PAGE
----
By Laura Hines
Oct. 17, 2014
Tony Redden has a warning for P.E.I. dairy farmers, a new trade deal with Europe may cost them millions.
Redden is from the Sierra Club, and he made the comment at a provincial legislative standing committee meeting on agriculture, environment, energy and forestry on Oct. 15.
The trade agreement with Europe is called the Comprehensive Economic and Trades Agreement, CETA. It could open the doors to more European exports and cost Island farmers $2.5 million, Redden said.
Redden is pushing for less secrecy surrounding the trade agreement. He wants more documents to be made public.
A big concern for Island farmers is with an age-old practice involving seeds. The process of saving, reusing, exchanging and selling seeds is threatened, said Redden.
“The CETA agreement will have Canada change the way seeds are currently regulated.”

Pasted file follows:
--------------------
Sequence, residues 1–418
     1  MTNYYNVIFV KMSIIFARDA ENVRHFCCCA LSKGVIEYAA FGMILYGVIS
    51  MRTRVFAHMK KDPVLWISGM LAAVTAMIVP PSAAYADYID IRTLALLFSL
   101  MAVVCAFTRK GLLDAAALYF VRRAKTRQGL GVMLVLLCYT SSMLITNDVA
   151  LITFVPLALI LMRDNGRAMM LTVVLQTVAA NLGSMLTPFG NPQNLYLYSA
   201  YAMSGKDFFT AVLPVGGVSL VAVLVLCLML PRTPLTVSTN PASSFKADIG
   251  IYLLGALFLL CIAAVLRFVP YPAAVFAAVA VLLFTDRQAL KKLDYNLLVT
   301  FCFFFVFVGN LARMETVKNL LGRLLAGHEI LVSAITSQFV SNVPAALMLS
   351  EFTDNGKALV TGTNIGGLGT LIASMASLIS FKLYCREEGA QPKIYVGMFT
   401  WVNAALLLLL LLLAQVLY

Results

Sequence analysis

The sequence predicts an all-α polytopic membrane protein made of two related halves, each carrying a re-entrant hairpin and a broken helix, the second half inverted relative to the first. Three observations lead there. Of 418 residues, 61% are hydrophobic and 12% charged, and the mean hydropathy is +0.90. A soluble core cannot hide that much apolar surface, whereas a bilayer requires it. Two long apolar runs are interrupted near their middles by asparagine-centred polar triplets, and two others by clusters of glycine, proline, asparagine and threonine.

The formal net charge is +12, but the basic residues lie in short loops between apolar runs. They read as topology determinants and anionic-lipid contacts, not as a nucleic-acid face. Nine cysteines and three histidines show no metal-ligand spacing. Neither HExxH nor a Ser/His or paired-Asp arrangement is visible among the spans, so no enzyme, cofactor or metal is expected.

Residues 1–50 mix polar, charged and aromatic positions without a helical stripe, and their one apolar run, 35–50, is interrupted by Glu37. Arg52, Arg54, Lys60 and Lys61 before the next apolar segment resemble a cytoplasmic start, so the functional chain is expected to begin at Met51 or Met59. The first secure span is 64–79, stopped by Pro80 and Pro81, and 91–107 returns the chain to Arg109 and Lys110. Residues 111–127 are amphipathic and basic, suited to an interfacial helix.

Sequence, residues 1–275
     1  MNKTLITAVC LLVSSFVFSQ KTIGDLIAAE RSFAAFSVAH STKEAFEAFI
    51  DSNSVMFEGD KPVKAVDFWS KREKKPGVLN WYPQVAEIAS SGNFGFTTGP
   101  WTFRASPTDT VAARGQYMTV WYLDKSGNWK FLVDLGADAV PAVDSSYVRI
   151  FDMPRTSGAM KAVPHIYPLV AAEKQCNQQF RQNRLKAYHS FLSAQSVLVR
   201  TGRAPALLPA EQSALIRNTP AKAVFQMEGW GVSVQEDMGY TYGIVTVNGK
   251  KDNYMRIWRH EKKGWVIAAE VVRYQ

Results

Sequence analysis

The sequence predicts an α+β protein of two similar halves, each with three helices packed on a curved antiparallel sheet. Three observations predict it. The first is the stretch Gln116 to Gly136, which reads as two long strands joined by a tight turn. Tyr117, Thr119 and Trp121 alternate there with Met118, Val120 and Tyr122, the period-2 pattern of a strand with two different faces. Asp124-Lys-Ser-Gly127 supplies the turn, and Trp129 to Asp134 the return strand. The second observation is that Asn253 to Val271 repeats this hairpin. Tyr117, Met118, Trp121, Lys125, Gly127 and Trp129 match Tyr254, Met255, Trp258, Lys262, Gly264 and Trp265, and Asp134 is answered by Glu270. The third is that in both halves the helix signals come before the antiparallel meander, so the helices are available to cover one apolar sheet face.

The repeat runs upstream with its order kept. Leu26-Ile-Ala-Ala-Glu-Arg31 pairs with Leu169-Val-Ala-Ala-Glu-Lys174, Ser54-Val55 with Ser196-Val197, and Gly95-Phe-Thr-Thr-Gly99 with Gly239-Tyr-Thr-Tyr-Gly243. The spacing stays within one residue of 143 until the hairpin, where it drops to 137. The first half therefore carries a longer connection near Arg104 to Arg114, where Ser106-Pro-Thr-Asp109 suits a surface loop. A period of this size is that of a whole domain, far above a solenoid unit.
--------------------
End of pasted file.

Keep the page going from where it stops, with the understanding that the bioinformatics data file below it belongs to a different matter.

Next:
CETA is not primarily about trade, said Ann Wheatley of the Cooper Institute.
“This agreement sets up a whole bunch of new rules.”
New public services, locks in privatizations, the ability to sue governments, restricting government abilities to improve existing legislation or intervene in a market to realize a public goal, she said.
The agreement was negotiated over a span of five years in tight secrecy, said Wheatley.
“We want the government to be open about what they negotiate.”
There are four areas the new CETA rules could affect; environment regulation, land protection act, wind energy and public transit, she said.